This new robot is called RoboDoctor, and is involved in one of the latest types of care delivery, and that is called ‘tele-medicine’. This advance in medicine should not be confused with ‘robotic’ surgery, where the surgeon controls a robotic ‘arm’ which can carry out very fine tasks. Tele-medicine consists of connecting two doctors (in most cases) to be able to discuss with each other the likely diagnosis and subsequent treatment of a patient.
The following true scenario is a wonderful example of tele-medicine at its most basic and this genuinely happened in Australia. A doctor in the outback was called to see a patient with a head injury and it became obvious that there was a bleed inside the skull. If left untreated or unchecked the patient lapses into deeper and deeper unconsciousness and then dies.
The answer to this problem is called ‘trephining’ or making a ‘burr hole.’ By drilling through the skull, the blood can be removed and the pressure is taken off the brain. This procedure dates back to BC times, and museums all over the world have examples of primitive trephines. However, the museum cannot tell us how many were successful procedures! (Operation a success but the patient died!)
There are a couple of spots in the skull where it is safe enough to drill, but exactly where? A GP out in the scrub would hardly know this. And now we come to the drama. The outback doctor had a household electric drill in his home tool kit and rang a specialist in one of the capital cities, who described to him just where to drill - over the phone. He drilled, the blood was released and immediate problem averted. Heroic stuff! And yes, it was successful and both doctor and patient were heroes in my book.
Now back to the RoboDoctor in Thailand, and Pattaya in particular, and further refinement of this tele-medicine concept. Rather than just audio contact between two doctors, there is visual contact as well. What is more, the robot can be moved in any direction and directed wirelessly by the treating doctor at the bedside, but this can also be done by the consultant specialist who may be many kilometers away, using Wi-Fi connectivity. Close up magnification can be done, the visual frames stopped and guidelines drawn on the image on the screen. For the patient, it is almost as if they are having a consultation with (in this case) a specialist neuro-surgeon at the bedside.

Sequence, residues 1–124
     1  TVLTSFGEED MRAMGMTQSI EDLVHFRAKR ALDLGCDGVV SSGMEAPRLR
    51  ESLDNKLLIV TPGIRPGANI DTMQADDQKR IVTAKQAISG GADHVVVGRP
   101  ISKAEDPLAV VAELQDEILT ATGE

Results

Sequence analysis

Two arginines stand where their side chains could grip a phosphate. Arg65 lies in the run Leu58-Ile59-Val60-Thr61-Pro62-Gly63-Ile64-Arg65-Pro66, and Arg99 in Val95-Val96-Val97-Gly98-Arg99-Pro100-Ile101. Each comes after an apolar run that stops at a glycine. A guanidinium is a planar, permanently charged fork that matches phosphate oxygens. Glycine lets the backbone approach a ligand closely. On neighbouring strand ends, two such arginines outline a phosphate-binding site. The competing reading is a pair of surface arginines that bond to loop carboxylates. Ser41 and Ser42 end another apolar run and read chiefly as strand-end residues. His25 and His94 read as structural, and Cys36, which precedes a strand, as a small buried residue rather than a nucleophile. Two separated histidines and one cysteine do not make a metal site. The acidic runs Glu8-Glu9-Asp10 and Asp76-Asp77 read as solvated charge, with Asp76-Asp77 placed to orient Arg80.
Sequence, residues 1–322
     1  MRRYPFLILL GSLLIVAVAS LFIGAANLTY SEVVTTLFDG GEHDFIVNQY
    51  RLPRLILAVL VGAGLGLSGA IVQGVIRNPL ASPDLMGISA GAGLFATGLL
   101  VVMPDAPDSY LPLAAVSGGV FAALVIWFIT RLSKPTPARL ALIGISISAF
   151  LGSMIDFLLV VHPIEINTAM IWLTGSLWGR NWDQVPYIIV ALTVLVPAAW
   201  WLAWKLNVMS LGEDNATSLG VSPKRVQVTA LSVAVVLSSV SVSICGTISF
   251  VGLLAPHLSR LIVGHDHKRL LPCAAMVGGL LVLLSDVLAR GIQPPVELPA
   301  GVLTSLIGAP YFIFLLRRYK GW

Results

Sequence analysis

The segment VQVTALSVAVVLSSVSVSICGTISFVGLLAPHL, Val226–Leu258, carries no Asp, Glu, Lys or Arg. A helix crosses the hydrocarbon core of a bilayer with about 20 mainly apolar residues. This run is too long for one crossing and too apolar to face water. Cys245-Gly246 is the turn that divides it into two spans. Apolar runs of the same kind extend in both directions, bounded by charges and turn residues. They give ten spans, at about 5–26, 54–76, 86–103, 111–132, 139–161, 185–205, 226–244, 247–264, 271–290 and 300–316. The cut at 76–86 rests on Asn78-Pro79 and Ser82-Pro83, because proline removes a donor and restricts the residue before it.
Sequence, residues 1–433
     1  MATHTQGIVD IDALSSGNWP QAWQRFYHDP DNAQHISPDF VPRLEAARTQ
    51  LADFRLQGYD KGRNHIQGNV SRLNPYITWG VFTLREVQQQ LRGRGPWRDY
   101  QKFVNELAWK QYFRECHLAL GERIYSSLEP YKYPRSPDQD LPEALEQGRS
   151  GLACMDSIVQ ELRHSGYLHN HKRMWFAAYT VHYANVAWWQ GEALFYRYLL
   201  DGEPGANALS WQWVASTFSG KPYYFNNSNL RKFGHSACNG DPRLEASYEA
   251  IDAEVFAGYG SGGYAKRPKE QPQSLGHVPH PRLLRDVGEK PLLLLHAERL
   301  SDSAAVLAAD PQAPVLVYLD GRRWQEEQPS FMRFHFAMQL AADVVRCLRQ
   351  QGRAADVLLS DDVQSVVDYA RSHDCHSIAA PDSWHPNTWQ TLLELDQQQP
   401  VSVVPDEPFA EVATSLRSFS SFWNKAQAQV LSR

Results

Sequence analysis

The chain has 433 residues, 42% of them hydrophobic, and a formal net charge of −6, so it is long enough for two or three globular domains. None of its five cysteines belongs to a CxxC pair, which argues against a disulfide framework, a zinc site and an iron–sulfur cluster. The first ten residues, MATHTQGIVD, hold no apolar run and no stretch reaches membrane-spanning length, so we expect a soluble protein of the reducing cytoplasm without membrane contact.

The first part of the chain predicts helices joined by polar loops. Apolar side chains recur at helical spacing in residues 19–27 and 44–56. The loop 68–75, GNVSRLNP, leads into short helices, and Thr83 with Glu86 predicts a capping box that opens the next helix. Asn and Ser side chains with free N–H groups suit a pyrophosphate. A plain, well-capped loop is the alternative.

This tele-medicine allows ‘remote’ examinations to be done, which could, for example, be a doctor doing a ‘virtual’ ward round in the middle of the night. And although I called it “virtual”, it is actually real-time, just as an examination is real-time.
The robot comes equipped with a powerful lens that sees better than a human eye and the high-tech device can hold a patient’s electronic records and tests such as EKG’s, X-Rays and Echocardiograms, and access them immediately.
One surgeon who is using a RoboDoctor is Ivar Mendez, head of neurosurgery and of the medical facility’s brain repair center in Canada at the Halifax QEII hospital. He said patients quickly become comfortable speaking with the robot and forget it’s a piece of technology examining them.
“I strongly believe this technology is part of the future of medicine. It will bring the expert to the patient anywhere in the country. Robots will not replace physicians,” Mendez said. “Rather, the robots help provide universal health care ensuring that even individuals in remote communities will have access to specialized care.”
That was the Canadian experience, and that is now being replicated here, with the Bangkok Medical Center, Bangkok Hospital Pattaya and Bangkok Hospital Hua Hin all linked up through RoboDoctors. The future is here, now!